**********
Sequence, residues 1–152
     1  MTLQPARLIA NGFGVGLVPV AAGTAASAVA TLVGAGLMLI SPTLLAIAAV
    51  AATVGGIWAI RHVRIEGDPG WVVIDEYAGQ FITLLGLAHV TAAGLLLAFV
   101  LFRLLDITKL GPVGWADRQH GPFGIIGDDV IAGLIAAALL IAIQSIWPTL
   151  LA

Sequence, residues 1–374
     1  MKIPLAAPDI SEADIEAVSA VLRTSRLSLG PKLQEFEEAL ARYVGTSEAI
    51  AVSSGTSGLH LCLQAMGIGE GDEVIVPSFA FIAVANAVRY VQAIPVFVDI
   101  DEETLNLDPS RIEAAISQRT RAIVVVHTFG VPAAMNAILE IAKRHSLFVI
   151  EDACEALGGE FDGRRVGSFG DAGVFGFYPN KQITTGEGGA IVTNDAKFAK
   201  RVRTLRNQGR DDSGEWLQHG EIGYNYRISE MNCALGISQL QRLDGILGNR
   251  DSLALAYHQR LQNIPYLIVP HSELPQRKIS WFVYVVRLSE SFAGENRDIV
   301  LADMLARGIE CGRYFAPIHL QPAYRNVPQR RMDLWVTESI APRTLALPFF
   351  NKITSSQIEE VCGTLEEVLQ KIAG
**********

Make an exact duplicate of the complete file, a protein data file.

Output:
Sequence, residues 1–152
     1  MTLQPARLIA NGFGVGLVPV AAGTAASAVA TLVGAGLMLI SPTLLAIAAV
    51  AATVGGIWAI RHVRIEGDPG WVVIDEYAGQ FITLLGLAHV TAAGLLLAFV
   101  LFRLLDITKL GPVGWADRQH GPFGIIGDDV IAGLIAAALL IAIQSIWPTL
   151  LA

Sequence, residues 1–374
     1  MKIPLAAPDI SEADIEAVSA VLRTSRLSLG PKLQEFEEAL ARYVGTSEAI
    51  AVSSGTSGLH LCLQAMGIGE GDEVIVPSFA FIAVANAVRY VQAIPVFVDI
   101  DEETLNLDPS RIEAAISQRT RAIVVVHTFG VPAAMNAILE IAKRHSLFVI
   151  EDACEALGGE FDGRRVGSFG DAGVFGFYPN KQITTGEGGA IVTNDAKFAK
   201  RVRTLRNQGR DDSGEWLQHG EIGYNYRISE MNCALGISQL QRLDGILGNR
   251  DSLALAYHQR LQNIPYLIVP HSELPQRKIS WFVYVVRLSE SFAGENRDIV
   301  LADMLARGIE CGRYFAPIHL QPAYRNVPQR RMDLWVTESI APRTLALPFF
   351  NKITSSQIEE VCGTLEEVLQ KIAG